A Review of Chronic Granulomatous Disease

A Review of Chronic Granulomatous Disease Chronic granulomatous disease (CGD) is a primary immunodeficiency caused by defects in any of the five subunits of the NADPH oxidase complex responsible for the respiratory burst in phagocytic leukocytes. Patients with CGD are at increased risk of life-threatening infections with catalase-positive bacteria and fungi and inflammatory complications such as CGD colitis. The implementation of routine antimicrobial prophylaxis and the advent of azole antifungals has considerably improved overall survival. Nevertheless, life expectancy remains decreased compared to the general population. Inflammatory complications are a significant contributor to morbidity in CGD, and they are often refractory to standard therapies. At present, hematopoietic stem cell transplantation (HCT) is the only curative treatment, and transplantation outcomes have improved over the last few decades with overall survival rates now > 90% in children less than 14 years of age. However, there remains debate as to the optimal conditioning regimen, and there is question as to how to manage adolescent and adult patients. The current evidence suggests that myeloablative conditioning results is more durable myeloid engraftment but with increased toxicity and high rates of graft-versus-host disease. In recent years, gene therapy has been proposed as an alternative to HCT for patients without an HLA-matched donor. However, results to date have not been encouraging. with negligible long-term engraftment of gene-corrected hematopoietic stem cells and reports of myelodysplastic syndrome due to insertional mutagenesis. Multicenter trials are currently underway in the United States and Europe using a SIN-lentiviral vector under the control of a myeloid-specific promoter, and, should the trials be successful, gene therapy may be a viable option for patients with CGD in the future. http://www.deepdyve.com/assets/images/DeepDyve-Logo-lg.png Advances in Therapy Springer Journals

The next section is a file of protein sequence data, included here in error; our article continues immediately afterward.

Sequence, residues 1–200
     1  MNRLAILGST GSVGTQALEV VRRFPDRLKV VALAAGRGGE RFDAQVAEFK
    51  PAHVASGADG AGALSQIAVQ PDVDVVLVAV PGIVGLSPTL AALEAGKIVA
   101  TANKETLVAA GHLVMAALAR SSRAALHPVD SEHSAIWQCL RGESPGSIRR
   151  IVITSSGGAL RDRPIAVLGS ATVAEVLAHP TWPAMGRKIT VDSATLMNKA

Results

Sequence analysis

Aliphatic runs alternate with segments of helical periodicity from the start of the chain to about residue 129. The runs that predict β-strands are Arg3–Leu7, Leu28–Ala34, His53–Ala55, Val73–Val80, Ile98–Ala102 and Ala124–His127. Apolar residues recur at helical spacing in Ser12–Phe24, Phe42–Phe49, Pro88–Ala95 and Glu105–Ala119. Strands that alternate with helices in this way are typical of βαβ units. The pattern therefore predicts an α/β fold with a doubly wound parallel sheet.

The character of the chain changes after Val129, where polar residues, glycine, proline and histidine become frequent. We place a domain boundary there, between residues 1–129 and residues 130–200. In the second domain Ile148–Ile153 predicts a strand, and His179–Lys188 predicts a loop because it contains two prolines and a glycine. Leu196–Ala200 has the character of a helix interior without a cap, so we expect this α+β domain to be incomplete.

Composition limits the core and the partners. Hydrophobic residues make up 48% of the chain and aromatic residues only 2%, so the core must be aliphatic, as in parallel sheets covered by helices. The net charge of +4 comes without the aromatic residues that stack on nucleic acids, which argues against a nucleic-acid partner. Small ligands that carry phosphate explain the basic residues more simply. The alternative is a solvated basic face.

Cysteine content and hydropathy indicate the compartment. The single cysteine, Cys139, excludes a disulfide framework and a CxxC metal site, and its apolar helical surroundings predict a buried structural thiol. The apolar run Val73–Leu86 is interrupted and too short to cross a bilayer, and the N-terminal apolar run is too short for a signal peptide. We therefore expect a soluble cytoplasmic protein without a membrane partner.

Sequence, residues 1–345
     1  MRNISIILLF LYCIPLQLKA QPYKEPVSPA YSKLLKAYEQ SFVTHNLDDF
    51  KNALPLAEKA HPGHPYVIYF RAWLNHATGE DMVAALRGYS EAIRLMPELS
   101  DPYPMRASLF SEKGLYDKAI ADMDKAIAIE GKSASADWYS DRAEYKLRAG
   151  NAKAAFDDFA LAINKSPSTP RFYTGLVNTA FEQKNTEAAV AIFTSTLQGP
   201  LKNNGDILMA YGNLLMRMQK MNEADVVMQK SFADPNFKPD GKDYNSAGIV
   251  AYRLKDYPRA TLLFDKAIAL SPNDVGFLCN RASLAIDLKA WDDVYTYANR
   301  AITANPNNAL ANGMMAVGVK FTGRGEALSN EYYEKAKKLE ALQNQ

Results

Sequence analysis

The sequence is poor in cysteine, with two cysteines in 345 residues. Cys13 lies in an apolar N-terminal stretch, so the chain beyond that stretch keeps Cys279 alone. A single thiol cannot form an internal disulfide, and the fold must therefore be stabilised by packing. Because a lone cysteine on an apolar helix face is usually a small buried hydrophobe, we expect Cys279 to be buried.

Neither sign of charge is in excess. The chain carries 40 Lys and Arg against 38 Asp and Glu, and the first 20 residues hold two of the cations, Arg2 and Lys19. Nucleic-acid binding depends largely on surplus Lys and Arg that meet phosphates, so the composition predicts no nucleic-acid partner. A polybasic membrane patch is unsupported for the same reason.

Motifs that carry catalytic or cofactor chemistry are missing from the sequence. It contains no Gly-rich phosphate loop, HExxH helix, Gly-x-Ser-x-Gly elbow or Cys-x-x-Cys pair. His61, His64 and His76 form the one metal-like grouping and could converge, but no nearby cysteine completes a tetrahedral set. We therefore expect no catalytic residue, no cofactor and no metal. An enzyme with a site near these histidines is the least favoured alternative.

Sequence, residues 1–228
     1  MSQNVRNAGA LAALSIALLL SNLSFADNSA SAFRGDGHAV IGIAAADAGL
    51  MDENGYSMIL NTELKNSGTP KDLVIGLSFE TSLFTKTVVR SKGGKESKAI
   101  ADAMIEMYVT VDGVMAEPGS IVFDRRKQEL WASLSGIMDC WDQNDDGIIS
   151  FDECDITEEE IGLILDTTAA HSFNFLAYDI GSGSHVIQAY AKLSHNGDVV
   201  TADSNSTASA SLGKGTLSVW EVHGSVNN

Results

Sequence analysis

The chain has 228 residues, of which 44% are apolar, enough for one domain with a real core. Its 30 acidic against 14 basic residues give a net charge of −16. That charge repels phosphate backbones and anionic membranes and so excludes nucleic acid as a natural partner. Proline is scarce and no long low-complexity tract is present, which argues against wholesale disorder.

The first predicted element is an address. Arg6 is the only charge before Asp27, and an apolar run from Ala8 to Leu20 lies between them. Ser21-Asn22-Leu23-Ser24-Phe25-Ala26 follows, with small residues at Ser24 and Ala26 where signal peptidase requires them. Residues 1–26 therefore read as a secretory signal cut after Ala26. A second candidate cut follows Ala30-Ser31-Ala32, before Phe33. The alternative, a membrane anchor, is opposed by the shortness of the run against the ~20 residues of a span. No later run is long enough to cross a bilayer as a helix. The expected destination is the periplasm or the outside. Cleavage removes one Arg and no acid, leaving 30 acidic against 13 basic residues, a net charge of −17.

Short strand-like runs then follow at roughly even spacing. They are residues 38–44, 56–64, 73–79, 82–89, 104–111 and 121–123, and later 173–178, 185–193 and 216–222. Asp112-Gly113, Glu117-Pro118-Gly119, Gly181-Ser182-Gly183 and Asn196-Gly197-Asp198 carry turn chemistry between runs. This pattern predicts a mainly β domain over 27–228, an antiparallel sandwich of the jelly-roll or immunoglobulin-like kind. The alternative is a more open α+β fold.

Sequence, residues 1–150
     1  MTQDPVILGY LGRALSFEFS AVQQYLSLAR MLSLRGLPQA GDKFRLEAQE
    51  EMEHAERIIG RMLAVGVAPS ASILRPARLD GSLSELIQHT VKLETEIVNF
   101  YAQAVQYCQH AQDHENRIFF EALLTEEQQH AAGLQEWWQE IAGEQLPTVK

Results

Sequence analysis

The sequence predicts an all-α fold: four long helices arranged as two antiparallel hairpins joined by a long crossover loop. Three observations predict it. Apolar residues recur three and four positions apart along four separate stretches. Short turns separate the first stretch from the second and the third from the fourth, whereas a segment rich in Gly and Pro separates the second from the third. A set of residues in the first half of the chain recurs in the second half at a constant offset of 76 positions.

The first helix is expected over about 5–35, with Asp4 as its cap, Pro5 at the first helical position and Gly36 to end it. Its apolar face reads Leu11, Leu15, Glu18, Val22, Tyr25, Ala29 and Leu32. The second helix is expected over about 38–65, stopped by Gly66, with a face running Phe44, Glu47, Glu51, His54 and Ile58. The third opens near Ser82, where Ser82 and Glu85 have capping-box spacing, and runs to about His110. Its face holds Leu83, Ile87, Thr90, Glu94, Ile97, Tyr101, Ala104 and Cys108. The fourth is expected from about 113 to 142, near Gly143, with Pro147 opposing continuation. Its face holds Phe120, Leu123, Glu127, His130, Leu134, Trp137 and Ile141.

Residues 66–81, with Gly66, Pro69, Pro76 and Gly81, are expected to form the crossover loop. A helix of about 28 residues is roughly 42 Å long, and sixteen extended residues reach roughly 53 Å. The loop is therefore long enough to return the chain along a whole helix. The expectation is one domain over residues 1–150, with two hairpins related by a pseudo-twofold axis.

A Review of Chronic Granulomatous Disease

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Publisher
Springer Healthcare
Copyright
Copyright © 2017 by The Author(s)
Subject
Medicine & Public Health; Internal Medicine; Oncology; Cardiology; Rheumatology; Endocrinology; Pharmacology/Toxicology
ISSN
0741-238X
eISSN
1865-8652
D.O.I.
10.1007/s12325-017-0636-2
Publisher site
See Article on Publisher Site

Abstract

Chronic granulomatous disease (CGD) is a primary immunodeficiency caused by defects in any of the five subunits of the NADPH oxidase complex responsible for the respiratory burst in phagocytic leukocytes. Patients with CGD are at increased risk of life-threatening infections with catalase-positive bacteria and fungi and inflammatory complications such as CGD colitis. The implementation of routine antimicrobial prophylaxis and the advent of azole antifungals has considerably improved overall survival. Nevertheless, life expectancy remains decreased compared to the general population. Inflammatory complications are a significant contributor to morbidity in CGD, and they are often refractory to standard therapies. At present, hematopoietic stem cell transplantation (HCT) is the only curative treatment, and transplantation outcomes have improved over the last few decades with overall survival rates now > 90% in children less than 14 years of age. However, there remains debate as to the optimal conditioning regimen, and there is question as to how to manage adolescent and adult patients. The current evidence suggests that myeloablative conditioning results is more durable myeloid engraftment but with increased toxicity and high rates of graft-versus-host disease. In recent years, gene therapy has been proposed as an alternative to HCT for patients without an HLA-matched donor. However, results to date have not been encouraging. with negligible long-term engraftment of gene-corrected hematopoietic stem cells and reports of myelodysplastic syndrome due to insertional mutagenesis. Multicenter trials are currently underway in the United States and Europe using a SIN-lentiviral vector under the control of a myeloid-specific promoter, and, should the trials be successful, gene therapy may be a viable option for patients with CGD in the future.

Journal

Advances in TherapySpringer Journals

Published: Nov 22, 2017

References

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